Director of National Park Services defends right of ‘Occupy DC’ protesters
Jonathan Jarvis, Director of National Park Services, explained to Rep. Joe Walsh (R-IL) on Tuesday why the “Occupy DC” protesters had a constitutional right to camp out 24 hours a day.
His comments came during a House Oversight and Government Reform Subcommittee hearing regarding the the “Occupy” protesters in Washington, DC. The protesters have camped out at McPherson Square and Freedom Plaza since October, in violation of a ban on camping at the public parks.
Republicans claimed Jarvis was “turning a blind eye,” but he said it was his duty to protect the First Amendment rights of demonstrators.
“You said one thing in the first line of questioning that has eaten at me, and maybe I misinterpreted it,” Walsh said during the hearing. “You said that because thew word ‘occupy’ was in the name of this protest group, you were treating them a little differently. Is that right?”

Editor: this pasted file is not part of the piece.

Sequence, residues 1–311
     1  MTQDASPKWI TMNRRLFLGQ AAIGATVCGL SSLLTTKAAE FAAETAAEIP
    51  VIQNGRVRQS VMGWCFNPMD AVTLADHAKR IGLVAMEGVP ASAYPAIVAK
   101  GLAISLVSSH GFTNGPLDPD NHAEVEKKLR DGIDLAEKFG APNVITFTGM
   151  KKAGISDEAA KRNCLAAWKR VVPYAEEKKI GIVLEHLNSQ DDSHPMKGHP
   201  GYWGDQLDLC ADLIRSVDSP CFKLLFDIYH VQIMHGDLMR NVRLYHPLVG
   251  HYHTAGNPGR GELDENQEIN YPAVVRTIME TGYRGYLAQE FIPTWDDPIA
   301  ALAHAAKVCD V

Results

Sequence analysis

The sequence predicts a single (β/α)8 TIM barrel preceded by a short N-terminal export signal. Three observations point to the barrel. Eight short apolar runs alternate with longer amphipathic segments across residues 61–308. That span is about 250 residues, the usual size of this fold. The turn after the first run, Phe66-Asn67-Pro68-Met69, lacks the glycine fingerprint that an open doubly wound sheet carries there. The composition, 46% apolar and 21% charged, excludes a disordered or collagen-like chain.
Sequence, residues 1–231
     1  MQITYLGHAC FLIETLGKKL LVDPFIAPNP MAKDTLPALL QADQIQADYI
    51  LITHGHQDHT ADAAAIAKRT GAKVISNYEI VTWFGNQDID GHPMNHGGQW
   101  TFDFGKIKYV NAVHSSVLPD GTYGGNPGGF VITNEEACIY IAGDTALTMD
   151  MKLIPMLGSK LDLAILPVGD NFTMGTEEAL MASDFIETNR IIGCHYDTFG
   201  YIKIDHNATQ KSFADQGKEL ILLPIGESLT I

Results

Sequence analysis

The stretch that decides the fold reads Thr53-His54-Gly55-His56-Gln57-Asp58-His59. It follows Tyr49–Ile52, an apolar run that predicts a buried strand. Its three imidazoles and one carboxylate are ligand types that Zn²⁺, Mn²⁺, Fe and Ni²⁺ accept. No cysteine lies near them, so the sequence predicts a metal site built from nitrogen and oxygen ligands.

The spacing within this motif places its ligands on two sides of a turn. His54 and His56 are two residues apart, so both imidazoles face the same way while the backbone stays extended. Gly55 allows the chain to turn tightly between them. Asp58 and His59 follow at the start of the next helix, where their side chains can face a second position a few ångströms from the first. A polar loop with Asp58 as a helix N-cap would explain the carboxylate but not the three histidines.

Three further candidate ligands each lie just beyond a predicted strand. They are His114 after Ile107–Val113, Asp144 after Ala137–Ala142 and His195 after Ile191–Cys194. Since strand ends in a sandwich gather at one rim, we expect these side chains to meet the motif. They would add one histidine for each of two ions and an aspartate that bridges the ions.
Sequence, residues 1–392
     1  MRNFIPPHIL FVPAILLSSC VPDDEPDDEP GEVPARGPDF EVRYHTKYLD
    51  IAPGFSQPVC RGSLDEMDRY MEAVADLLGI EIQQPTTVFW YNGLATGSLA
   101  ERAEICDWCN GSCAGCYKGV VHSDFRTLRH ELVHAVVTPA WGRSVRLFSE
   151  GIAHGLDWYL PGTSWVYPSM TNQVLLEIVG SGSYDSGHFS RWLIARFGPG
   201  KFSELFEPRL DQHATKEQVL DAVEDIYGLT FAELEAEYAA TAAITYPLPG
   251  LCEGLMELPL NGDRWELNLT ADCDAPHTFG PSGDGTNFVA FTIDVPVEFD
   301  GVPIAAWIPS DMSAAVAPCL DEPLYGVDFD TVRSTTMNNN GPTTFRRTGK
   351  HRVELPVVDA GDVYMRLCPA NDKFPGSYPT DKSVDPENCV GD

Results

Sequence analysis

“No,” Jarvis responded. “Each First Amendment protest has its unique components. In this particular one… their principle behind their First Amendment activity is to quote unquote occupy a piece of public land.”
“Which is giving you a bit more discretion in how you deal with them,” Walsh interrupted.
“I would say a bit more of a challenge in how we deal with it,” Jarvis replied.
Walsh then asked if he could live in Washington, DC if he started a protest group named “Live in DC.”
“I see what you are saying,” Jarvis said, “but I don’t think the name is, I’m not using it with a capital ‘O.’ I’m using it in terms of a verb. They’re occupying the site. And any protest that comes to Washington, DC with First Amendment rights has to be evaluated in terms of how we deal with them to gain compliance, and this one, as we have said, is unprecedented. We’re working our way through this.”
Walsh has blasted the “Occupy Wall Street” movement in the past, claiming the protests were a ploy to help re-elect President Barack Obama in 2012.
Watch video, uploaded to YouTube by Rep. Walsh’s office, below: